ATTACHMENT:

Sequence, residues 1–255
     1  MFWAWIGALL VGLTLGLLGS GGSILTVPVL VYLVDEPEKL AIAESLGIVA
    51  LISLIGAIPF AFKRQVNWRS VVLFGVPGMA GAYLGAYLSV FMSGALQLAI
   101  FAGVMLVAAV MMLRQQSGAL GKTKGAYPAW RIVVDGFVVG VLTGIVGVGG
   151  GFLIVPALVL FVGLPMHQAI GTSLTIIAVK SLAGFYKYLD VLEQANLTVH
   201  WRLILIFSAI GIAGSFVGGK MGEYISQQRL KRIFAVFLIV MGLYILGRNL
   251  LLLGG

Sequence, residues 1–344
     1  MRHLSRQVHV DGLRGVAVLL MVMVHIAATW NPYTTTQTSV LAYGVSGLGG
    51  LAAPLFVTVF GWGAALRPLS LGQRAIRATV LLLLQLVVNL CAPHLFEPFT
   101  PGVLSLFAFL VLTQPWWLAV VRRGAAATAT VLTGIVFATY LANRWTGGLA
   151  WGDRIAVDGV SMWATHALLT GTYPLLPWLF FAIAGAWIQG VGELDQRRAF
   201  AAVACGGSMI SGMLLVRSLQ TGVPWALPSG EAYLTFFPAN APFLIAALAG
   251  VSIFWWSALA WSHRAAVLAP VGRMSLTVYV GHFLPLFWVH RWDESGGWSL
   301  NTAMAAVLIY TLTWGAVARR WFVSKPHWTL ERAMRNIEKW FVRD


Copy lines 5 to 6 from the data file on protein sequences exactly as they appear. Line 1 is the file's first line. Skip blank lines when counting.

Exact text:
   151  GFLIVPALVL FVGLPMHQAI GTSLTIIAVK SLAGFYKYLD VLEQANLTVH
   201  WRLILIFSAI GIAGSFVGGK MGEYISQQRL KRIFAVFLIV MGLYILGRNL